TWO FOR TULSA: Tulsa Mayor Kathy Taylor and the Tulsa City Council have sent a $451 million proposal covering Tulsa’s street repairs to the City Election Board. Discussing the proposal above are (left to right) G.T. Bynum, Dennis Troyer, Mayor Taylor, Bill Christiansen, and Jack Henderson. The five-year streets plan will appear as Proposition 1 and Proposition 2 on the Nov. 4 ballot.
DANIEL C. CAMERON for GTR Newspapers
Tulsa’s streets are a crumbling mess of potholes, and soon citizens will have the opportunity to vote on the five-year streets plan on Nov. 4. The streets improvement package includes a general obligation bond issue of $285 million and extension of two sales taxes for total revenue of $451.628 million.
The streets plan, which will provide maintenance and rehabilitation for Tulsa’s streets and bridges and some work on sidewalks, trails and railroad crossings, is based on citizen input from town hall meetings this summer.
The $451 million proposal has been approved and sent to the City Election Board by Tulsa Mayor Kathy Taylor and City Council members. Area organizations have also stepped forward in acceptance of the program. Tulsa’s Fraternal Order of Police and The Tulsa Metro Chamber both support the five-year plan. The City Council has also approved a tax rebate for older and low-income Tulsa residents.
Taylor thanked the City Council for getting the proposal to her quickly since asphalt costs are tied to rising oil prices. “Everyday we wait it costs us more,” she says. “This is a dramatic increase in our street funding. It’s the biggest bond investment in streets in our city’s history.”
City Counselor Bynum says, “…Tulsan’s have a chance to improve the quality of their streets.”
Project funding will be distributed among Tulsa’s nine council districts according to need or pavement condition. Each district will receive at least eight percent of the total, with project funding directed to city streets that need it most. If the five-year streets plan is approved, some street projects will begin construction in summer of 2009.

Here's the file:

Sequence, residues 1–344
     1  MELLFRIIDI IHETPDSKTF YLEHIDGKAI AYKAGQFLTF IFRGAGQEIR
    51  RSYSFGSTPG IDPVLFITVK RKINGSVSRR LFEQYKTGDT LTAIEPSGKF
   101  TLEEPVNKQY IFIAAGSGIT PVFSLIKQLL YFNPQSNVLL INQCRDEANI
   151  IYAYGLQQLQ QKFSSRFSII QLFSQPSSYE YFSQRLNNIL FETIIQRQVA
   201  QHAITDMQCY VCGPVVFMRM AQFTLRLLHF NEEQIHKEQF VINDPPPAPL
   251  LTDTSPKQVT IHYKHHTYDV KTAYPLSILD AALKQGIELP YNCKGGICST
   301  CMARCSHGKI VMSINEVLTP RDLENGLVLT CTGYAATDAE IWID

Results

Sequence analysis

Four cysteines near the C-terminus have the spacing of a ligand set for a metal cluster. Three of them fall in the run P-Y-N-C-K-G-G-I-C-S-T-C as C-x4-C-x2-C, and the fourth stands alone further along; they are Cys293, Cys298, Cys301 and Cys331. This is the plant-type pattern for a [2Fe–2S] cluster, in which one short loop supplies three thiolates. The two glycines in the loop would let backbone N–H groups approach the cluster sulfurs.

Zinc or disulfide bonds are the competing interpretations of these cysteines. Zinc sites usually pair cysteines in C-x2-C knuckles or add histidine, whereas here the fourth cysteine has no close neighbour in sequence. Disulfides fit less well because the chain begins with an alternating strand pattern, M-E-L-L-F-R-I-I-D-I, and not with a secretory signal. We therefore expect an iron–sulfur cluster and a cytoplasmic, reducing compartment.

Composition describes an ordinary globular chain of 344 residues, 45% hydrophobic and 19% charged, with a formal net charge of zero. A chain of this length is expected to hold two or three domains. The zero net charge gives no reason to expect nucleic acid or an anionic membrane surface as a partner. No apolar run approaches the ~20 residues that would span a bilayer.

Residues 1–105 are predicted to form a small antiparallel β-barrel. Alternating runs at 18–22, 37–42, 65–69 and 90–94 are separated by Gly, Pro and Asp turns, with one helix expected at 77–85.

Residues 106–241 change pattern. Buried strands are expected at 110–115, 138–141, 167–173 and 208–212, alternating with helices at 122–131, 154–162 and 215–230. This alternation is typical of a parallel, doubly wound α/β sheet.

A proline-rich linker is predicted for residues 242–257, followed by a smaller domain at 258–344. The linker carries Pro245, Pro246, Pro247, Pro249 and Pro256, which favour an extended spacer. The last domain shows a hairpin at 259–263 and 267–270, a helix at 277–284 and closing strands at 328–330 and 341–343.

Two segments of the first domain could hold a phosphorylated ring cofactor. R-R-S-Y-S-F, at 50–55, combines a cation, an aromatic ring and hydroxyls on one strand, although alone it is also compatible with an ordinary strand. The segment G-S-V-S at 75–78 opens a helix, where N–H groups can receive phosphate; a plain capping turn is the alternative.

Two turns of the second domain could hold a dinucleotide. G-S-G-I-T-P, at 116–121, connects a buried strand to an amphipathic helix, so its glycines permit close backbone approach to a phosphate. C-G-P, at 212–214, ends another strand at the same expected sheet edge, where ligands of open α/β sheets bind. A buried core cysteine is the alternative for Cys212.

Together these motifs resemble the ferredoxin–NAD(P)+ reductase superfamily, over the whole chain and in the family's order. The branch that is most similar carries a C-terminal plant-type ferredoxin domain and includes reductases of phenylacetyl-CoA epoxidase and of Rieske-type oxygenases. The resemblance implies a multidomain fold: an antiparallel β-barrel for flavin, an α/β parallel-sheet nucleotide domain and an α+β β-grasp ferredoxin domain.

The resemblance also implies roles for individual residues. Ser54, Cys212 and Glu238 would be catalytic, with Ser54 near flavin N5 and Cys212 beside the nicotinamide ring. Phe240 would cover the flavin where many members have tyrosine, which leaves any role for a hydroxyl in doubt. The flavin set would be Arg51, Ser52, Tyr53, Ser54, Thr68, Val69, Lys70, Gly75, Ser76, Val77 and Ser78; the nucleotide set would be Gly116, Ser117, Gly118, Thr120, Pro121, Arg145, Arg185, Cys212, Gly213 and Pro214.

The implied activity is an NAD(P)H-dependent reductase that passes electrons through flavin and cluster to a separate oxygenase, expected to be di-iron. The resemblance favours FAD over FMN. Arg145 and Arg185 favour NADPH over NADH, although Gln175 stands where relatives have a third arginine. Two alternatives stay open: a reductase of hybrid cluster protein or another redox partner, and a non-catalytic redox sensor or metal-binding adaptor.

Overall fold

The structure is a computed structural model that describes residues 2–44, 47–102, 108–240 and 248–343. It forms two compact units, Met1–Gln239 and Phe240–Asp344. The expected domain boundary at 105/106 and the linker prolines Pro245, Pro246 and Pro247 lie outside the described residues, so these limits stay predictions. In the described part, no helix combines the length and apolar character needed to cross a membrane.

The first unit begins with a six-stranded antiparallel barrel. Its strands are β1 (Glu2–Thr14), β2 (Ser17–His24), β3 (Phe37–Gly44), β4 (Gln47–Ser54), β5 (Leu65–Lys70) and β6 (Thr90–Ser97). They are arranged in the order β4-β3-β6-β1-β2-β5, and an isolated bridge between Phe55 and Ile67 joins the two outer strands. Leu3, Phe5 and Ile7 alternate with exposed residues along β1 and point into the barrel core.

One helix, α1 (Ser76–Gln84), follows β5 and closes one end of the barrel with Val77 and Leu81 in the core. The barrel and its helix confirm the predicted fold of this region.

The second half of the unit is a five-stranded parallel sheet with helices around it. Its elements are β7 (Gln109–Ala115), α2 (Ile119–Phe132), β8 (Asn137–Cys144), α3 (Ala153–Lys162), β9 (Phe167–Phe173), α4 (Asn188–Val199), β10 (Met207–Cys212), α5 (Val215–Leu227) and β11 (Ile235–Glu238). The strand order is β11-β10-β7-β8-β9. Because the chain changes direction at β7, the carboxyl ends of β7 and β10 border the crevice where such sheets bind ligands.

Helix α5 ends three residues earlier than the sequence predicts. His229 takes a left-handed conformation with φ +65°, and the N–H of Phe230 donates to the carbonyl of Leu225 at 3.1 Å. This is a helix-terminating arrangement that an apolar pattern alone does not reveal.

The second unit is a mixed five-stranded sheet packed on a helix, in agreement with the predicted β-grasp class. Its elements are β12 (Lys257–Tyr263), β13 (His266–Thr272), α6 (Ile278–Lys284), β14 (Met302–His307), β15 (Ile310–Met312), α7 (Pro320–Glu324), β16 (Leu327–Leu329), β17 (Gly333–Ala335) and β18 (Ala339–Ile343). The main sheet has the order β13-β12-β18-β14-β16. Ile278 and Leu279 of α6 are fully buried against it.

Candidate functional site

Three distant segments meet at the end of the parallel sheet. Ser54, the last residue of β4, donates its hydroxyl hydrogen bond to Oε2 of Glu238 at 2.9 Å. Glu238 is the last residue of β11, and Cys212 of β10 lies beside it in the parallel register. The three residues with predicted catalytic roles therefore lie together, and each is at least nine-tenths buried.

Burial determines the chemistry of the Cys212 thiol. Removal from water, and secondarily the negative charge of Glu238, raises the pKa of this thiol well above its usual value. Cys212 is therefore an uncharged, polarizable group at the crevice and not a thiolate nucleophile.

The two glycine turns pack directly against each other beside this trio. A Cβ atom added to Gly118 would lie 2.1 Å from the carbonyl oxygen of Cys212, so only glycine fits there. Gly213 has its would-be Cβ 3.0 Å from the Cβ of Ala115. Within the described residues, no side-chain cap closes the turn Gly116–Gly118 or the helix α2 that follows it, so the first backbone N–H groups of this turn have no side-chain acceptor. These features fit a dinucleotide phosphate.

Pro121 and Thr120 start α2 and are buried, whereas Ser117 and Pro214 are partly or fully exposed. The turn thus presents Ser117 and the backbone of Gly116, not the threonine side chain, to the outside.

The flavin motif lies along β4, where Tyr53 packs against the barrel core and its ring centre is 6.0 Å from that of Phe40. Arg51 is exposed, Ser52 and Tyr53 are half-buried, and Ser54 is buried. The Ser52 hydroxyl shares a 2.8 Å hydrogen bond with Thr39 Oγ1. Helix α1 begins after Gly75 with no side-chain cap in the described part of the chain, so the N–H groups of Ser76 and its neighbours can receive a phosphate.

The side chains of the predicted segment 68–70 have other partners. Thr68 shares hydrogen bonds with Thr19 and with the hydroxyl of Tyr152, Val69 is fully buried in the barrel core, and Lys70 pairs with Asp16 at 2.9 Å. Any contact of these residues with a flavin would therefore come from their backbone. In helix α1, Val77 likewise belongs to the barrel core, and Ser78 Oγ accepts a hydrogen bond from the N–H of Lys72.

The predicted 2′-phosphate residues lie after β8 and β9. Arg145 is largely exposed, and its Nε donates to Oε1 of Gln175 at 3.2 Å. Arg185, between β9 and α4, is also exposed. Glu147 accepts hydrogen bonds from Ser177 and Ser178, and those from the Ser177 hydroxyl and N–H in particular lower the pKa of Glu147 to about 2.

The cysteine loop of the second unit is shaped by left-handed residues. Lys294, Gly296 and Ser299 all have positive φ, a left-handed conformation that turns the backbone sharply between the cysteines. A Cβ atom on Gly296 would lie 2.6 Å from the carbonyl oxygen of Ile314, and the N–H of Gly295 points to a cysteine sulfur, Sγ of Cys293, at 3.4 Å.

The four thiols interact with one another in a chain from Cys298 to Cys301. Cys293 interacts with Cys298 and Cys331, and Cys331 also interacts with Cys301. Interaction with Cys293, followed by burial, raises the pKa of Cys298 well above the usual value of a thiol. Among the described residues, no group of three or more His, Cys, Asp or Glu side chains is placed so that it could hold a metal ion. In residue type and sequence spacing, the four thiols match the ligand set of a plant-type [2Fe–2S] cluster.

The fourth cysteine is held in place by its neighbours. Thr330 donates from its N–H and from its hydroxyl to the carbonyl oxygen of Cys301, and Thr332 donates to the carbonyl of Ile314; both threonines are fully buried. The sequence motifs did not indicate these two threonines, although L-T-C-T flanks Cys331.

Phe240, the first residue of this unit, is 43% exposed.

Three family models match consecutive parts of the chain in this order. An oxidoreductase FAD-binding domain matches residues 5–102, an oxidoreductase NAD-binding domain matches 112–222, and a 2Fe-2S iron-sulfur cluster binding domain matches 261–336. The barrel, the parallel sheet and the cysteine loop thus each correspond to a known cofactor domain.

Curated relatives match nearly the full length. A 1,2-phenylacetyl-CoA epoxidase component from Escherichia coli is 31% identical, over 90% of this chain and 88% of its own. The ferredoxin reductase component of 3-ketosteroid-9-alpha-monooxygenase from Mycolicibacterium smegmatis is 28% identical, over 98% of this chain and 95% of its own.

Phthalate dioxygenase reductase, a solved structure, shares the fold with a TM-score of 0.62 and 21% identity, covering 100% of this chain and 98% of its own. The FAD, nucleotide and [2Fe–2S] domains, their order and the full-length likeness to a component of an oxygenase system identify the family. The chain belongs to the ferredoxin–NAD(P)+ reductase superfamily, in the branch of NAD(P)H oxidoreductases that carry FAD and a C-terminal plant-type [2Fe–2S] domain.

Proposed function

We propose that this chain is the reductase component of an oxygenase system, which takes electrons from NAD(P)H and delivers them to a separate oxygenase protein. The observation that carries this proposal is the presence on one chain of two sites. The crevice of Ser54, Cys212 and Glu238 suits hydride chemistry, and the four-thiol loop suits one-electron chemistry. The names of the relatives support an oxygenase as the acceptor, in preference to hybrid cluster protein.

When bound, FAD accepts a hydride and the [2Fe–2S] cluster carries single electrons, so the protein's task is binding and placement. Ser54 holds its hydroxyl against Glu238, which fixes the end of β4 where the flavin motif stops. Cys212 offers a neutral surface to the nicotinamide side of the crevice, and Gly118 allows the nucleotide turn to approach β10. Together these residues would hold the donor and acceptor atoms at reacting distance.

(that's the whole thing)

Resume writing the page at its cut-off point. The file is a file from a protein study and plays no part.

The City Council also approved a tax rebate for older and low-income Tulsa residents. The rebate is tied to the approval of the five-year streets plan. City residents who meet the eligibility criteria for the Oklahoma Sales Tax Relief Act or the Oklahoma Earned Income Tax Credit and residents who are 65 and older will qualify for the rebate. Only one rebate per household will be allowed, and households will need to re-apply for the rebate each year.
If approved, the streets plan will extend Tulsa’s current sales tax rate through a renewal of the Third Penny Sales Tax and a two-year continuation of the Tulsa County Four-to-Fix Sales Tax. Funding also will include a $285 million General Obligation Bond Issue to begin in 2010. If approved, it will enact property tax increases that in the maximum year of impact, which is 2015, will be about $63 per year for a $100,000 house. Through the new rebate, eligible city residents will be able to reduce their taxes by $25 per year.
The rebates will cost about $5.1 million over five years and will be funded from interest earnings on the bonds issued.
The plan is comprised of Propositions 1 and 2; both must pass to fully implement the projects.
Tulsa voters wanting to learn more about Tulsa street improvements can visit www.fixourstreetslive.com.